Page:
Lt will be noted that when the instrument is to be dismantled the tube 12 can be readily stripped from within its groove in the graduated stick 62 and the valve assembly pulled from studs on the plate 73 and, using the reservorr element as a reel, using the table 14 detached from the tripod, or a bearing handle, it can quickly be wound in place for transportation or storage. Also, the overall length of the tubing support 1416 of the reference instrument collapses to no greater length than the measuring stick 62 which therefore determines the overall storage length necessary for the equipment.
Figure 13 is a bottom plan view illustrating a modified mountmg unit for the reference unit 13, whereby this unit can be placed on studding, doors or the like. The unit 13, which is shown schematically, has its center mounting post carried in the socket end of a mounting rod 91 which is rotatably received in a sleeve member 96 in one arm 93 of a G-clamp 92. The rod 91 is retained rotatably in place by a screw 94. The C-clamp is pro vided with conventional pressure pads 98 and 99, and with a pressure adjusting screw 97 by means of which it can be clamped on a structural member 101, such as a stud or a door. This same clamping action locks rod 91 against rotation. The reference element 13 can be levelled by adjustment about the axis of the rod 91 and about the axis of the sleeve 96.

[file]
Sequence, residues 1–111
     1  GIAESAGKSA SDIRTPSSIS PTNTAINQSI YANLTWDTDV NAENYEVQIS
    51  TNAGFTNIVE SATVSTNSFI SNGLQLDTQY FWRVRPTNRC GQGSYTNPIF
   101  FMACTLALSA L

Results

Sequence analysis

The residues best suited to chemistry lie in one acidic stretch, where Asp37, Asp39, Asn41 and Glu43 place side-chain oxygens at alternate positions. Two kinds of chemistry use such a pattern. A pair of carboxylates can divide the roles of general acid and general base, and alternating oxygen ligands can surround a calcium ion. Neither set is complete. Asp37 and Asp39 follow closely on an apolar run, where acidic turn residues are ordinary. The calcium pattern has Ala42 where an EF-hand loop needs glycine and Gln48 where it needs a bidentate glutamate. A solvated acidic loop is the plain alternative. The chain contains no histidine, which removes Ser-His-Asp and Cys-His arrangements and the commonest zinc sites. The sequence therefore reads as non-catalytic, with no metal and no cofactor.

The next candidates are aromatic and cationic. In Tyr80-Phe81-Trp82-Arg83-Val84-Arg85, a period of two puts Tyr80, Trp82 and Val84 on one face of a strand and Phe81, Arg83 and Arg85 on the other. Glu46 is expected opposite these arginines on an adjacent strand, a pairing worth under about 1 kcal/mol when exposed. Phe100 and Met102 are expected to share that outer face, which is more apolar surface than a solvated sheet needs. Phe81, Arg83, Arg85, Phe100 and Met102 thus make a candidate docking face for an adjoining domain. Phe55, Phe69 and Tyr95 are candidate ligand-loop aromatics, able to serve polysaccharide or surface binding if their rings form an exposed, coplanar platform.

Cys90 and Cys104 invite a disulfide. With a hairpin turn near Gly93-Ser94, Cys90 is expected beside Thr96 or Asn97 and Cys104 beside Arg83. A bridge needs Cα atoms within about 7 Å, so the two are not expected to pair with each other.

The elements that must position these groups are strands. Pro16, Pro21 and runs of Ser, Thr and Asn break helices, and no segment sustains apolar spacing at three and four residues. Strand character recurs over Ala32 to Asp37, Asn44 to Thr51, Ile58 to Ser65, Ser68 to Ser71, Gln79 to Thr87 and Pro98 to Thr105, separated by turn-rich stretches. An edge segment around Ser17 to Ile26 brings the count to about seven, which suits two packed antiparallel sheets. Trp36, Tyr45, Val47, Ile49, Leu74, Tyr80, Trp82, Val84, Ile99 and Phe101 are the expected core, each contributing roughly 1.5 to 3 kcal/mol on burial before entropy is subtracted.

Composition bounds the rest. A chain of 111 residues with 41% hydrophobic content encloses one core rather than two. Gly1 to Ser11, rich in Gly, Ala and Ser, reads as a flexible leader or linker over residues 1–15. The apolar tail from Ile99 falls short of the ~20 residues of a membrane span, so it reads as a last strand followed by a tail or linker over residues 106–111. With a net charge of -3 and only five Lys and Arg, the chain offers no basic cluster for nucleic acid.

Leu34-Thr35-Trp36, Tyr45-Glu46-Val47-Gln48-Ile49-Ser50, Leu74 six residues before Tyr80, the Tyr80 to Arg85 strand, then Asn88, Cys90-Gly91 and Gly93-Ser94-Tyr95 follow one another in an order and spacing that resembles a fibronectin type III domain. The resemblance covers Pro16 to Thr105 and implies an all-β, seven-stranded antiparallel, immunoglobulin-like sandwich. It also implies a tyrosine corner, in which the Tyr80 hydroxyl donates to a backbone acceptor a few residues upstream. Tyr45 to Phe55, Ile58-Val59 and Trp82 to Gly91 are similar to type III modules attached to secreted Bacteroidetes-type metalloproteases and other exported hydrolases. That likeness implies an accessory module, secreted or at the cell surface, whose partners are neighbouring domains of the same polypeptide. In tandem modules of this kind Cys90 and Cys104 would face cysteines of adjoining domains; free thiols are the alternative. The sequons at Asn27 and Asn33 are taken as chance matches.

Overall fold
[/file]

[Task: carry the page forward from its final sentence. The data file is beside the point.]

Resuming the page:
While I have shown and described certain preferred embodiments of the invention, it will be understood that the invention is capable of variation and modification from the form shown so that its scope should be limited only by the scope of the claims appended hereto.
I claim:
1. A hydraulic elevation measuring instrument comprising a reference element and a measuring element connected by a flexible tube, said reference element comprising a disc-like liquid reservoir and said measuring element comprising a tube for location at the elevations to be measured and said measuring element having graduations operatively related to said tube for measuring the height of liquid therein, said reference element having a height substantially less than its Width to provide a plate-like structure having a constant level of liquid, the cross-sectional area of said reference element :being of sufficient extent that the volume of liquid in said tube throughout the range of graduations associated therewith when added to or subtracted from the liquid reservoir will produce no substantial change in the liquid level of said reservoir.
2. In an elevation measuring instrument of the hydraulic type, a plate-like reference element including a normally closed flexible means forming a liquid reservoir, said reservoir having a height substantially less than its width'to provide a structure having a constant level of liquid, \a measuring element having a scale, a flexible tube extending from said means to said measuring ele ment, and .a normally closed valve mechanism connected to said tube.